I interviewed myself recently. Here is the third question I asked and the answer I received.
3. When did you decide you wanted to write books and why?
I’ve always been an avid reader. I started reading mysteries back when I was in middle school.
I know that one of the first books I read was Ten Little Indians by Agatha Christie. I think today
it’s called And Then There Were None. That’s probably still my favorite mystery book of all time.
I read that and then I got hooked on reading mysteries. I read everything from Agatha Christie
to Ngaio Marsh’s Inspector Alleyn series to the Perry Mason books to Sherlock Holmes to Edgar
Allan Poe. I guess I just liked trying to solve the mysteries. I tried reading other stuff over the
years but couldn’t get into the science fiction or the romance or anything like that. Other than
mysteries and literature and some historical books or bios, I just couldn’t get into anything else.
What started me into writing was I didn’t like the end of some book or another. I don’t even
recall which one it was at the moment, but I didn’t like the author’s ending. So, I decided that I
would write a different ending to it. And I did. I started off when the next to last chapter ended
and went from there and wrote the ending that I had envisioned. I like to think my ending made
it a little better. It certainly made me happier than what the author had done. And that was
really my first taste of writing. I suppose if we looked back at that effort, it probably wasn’t as
good as I had in my own mind.
So after that I thought that I would give my hand a try at writing a short story or two. Well,
my first short story just got a little longer and a little longer. It was a murder mystery, a family
feuding over money, someone got killed and all the characters had dark little secrets. I’ve never
actually gone back and looked at that, but here again I suspect it wasn’t as good as I thought it
I spent a lot of time in my youth dabbling in writing—short stories then screenplays. Yeah, I
decided that I wanted there to be more episodes of shows that I liked, everything from the
old TV Batman to Mission: Impossible. So, I came up with some storylines and used those
characters to write screenplays for them. They were pretty basic, and they relied a lot on
dialogue as opposed to prose. I could just say the scene was a bank or a hotel and that was all I
needed to do for the screenplay. I didn’t have to get into the whole describing the setting and
character’s emotions or thoughts or feelings.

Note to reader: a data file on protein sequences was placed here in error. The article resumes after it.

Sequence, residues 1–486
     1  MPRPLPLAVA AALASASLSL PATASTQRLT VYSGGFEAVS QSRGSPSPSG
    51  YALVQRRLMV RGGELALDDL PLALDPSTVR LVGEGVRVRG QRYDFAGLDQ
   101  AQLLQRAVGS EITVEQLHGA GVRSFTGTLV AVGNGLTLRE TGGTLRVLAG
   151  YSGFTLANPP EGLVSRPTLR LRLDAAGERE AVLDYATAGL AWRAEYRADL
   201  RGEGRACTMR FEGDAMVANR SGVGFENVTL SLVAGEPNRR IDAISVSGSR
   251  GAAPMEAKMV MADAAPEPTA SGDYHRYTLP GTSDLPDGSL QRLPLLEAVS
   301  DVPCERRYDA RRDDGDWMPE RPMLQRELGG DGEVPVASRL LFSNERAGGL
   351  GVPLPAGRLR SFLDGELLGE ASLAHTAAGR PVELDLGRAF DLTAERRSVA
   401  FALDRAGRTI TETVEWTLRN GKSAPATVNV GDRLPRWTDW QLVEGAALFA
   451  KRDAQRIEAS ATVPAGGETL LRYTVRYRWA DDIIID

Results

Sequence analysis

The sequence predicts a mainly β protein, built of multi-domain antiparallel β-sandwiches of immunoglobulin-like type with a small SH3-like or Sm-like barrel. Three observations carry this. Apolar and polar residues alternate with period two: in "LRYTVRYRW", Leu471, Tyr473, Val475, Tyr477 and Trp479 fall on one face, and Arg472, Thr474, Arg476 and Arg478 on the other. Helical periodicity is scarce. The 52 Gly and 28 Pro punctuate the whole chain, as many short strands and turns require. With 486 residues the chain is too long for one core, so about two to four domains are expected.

My first actual effort at writing a novel was during the first Gulf War. I don’t know why that
inspired it, but it did. I got a notebook and started writing it out by hand. We didn’t have
laptops back then, I know that a foreign concept to you. I still had a manual typewriter that I
had to use for typing. So I wrote everything out by hand then changed things up a little and
added to the story and characters and all that when I typed it up. Needless to say this was a
very lengthy process. When I was done, I put it away and didn’t look at it again for years.
My first novel that was published, Murder at the Ocean Forest, came about in the summer of
2000. I had been doing some research on old hotels and came across information about the
Ocean Forest Hotel in Myrtle Beach, South Carolina. The original hotel had been torn down in
the 70s, but I was fascinated by the history of this place, so I started doing some research on
it. Well, there wasn’t much out there on the old place. The internet didn’t have nearly as much
information on it as is available now. But anyway, I was fascinated by this place so I thought
it would be kind of neat to write a book set in the hotel back in its heyday. I actually came up
with the characters and the entire outline while I was riding in the back of a limo from Miami
to Orlando. I started working on the actual novel on my laptop, I had one then, while I was in
Orlando, and I finished the manuscript about eight weeks later. Those were some pretty intense
weeks of writing. It was the only time I actually spent ten or twelve hour days working on a
manuscript. I finished it up and never changed one aspect of the story either, and it’s still I think
my favorite one for a number of reasons.